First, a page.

Bradford City fans, it’d be great to hear your thoughts on this. Good, bad? Too much, too little? What do you like about it, what would you change?
Even if you’re not a Bantam (like I’m not… ahem) I’d be interested to know what you think. Especially those in the football/design communities.
So I guess I don’t really know what this is about. But with the London Olympics around the corner, this patriotic soul was just wondering about some kind of small, simple design to sit around the neckline or hems of Team GB’s uniforms.
Whilst I was mulling that over, it dawned on me that the flags of each UK nation’s patron saints bear such a striking resemblance and symmetry - crosses, saltires, light on dark, dark on light. Then it was just a case of stylising the flags a little and bringing them together. Bosh.
My plans are really up in the air at the moment. I’ve absolutely no idea what I’ll be doing in a month’s time… How high do I set my aspirations? How realistic should I be?
See, I’ve been told I’m one of the twelve final year students that my university is taking to exhibit at New Designers this year. Which is incredibly exciting. Incredibly. Because there are graduates who have gone on to jobs in places like Milan directly because they exhibited at ND. I want to keep my feet on the ground, but… I don’t want to miss the opportunity of a lifetime by being too modest about my potential.
So if something comes of that - great. I’m sorted! I’ll cross the other bridges (accommodation etc.) when I come to them. But I’ve got to plan for the other eventuality, right? The possibility that I won’t get picked up at ND, and that I’d do well to carry on earning an income wherever I can. I’ve got until the end of June left on the rent in my current house in York, and whilst I’d love to stay here and work here (providing my own Milan doesn’t come calling), my best chance at finding somewhere to live is by finding it with my mate Rob, who also wants to stay in York - his student house contract doesn’t expire until September sometime. So I doubt he’d want to be paying for two houses over the course of one or two months. Of course, we can always negotiate with the landlords, maybe strike some kind of deal. But I wouldn’t much like to rely on that.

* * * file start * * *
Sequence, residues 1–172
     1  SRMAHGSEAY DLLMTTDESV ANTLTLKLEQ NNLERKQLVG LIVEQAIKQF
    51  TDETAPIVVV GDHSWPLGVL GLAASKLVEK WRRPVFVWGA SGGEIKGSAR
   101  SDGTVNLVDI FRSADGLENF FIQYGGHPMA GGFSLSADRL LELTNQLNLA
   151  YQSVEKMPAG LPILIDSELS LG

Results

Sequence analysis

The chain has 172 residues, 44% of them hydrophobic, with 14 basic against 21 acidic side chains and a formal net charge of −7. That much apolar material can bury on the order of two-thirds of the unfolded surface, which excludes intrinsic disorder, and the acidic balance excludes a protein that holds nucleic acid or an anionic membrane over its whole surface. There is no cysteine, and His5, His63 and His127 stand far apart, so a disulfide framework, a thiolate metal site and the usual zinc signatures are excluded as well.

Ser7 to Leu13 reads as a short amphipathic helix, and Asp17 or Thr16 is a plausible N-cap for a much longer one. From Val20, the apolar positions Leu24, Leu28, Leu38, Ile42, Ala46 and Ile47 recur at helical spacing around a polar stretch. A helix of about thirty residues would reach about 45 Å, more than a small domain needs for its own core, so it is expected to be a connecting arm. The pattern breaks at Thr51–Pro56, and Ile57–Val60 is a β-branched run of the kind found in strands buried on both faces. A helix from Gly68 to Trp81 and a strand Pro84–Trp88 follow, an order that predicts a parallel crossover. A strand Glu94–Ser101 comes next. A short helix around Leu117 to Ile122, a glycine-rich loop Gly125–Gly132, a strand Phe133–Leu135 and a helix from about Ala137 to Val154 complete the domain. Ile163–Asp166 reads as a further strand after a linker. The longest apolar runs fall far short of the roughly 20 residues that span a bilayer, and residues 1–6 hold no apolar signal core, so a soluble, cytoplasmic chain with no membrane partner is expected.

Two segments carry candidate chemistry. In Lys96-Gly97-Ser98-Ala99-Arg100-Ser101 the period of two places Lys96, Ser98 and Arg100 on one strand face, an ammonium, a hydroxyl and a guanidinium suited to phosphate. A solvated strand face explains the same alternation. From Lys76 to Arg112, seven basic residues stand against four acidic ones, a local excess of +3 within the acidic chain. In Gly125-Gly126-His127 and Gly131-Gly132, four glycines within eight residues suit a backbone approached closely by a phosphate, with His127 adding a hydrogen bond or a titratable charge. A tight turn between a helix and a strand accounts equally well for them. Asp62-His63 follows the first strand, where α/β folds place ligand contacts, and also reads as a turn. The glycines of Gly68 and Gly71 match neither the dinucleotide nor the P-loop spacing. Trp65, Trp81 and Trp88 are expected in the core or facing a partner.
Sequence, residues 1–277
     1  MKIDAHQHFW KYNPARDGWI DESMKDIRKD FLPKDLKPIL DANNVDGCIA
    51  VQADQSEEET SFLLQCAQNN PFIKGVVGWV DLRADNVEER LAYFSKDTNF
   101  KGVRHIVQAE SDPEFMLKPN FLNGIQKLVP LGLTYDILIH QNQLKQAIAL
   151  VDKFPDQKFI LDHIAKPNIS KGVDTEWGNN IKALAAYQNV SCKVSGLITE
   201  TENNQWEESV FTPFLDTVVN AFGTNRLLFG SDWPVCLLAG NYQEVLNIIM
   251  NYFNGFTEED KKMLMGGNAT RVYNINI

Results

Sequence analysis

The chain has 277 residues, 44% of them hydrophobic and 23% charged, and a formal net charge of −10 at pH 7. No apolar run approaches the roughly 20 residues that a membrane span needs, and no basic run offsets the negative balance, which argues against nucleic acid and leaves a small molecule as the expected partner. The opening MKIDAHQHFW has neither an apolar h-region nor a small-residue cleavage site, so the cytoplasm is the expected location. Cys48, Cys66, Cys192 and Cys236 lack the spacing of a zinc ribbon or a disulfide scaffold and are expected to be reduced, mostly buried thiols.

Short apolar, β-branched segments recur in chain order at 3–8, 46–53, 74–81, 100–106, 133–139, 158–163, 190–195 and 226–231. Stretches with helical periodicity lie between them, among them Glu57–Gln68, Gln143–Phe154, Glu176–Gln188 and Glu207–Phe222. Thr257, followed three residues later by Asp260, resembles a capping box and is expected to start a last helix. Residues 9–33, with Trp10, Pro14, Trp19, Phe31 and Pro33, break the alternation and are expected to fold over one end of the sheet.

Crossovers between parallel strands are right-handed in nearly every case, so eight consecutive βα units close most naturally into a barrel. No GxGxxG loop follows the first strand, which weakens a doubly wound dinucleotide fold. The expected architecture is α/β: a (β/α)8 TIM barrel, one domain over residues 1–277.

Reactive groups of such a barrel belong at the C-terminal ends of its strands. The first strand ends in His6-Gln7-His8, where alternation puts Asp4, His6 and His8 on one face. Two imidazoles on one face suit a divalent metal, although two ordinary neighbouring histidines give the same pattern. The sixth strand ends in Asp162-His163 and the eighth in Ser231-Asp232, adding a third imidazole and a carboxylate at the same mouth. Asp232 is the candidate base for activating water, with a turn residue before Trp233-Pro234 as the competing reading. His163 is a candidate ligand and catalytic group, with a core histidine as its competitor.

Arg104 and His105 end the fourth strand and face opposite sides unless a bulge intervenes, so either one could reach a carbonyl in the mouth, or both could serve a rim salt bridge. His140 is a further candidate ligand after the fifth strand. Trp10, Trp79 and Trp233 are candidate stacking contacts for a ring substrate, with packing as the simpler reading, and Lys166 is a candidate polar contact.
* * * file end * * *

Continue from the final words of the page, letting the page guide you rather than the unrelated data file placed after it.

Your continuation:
Then of course I’d need to find a job (really ideally in my chosen field, rather than some random vacancy) in the area. Can’t pay rent with money you don’t have.
I have a casual job on the Nestle site at the moment that, if I am staying in York, I really wouldn’t like to give up (before I find a full-time job in design). By staying in York, I can dedicate more hours to that. But after June, without a mate’s sofa to kip on, I’m stuffed. Nestle have a site back home in Halifax - I could maybe go live with my parents and request a transfer to work at that site. But getting from home to work there would be beyond awkward - not to mention it would feel like a massive step backward. So do I leave my Nestle job? Surely I’d have to give them a few weeks’ notice - i.e. let them know now-ish.
Argh I really don’t know what to do! I think… Yeah, my best option is probably getting my CV straightened out, handing it out to all the vacancies that look tasty on sites like Graduates Yorkshire, and otherwise just waiting it out until New Designers and seeing what happens there. Everything else can be status quo for now.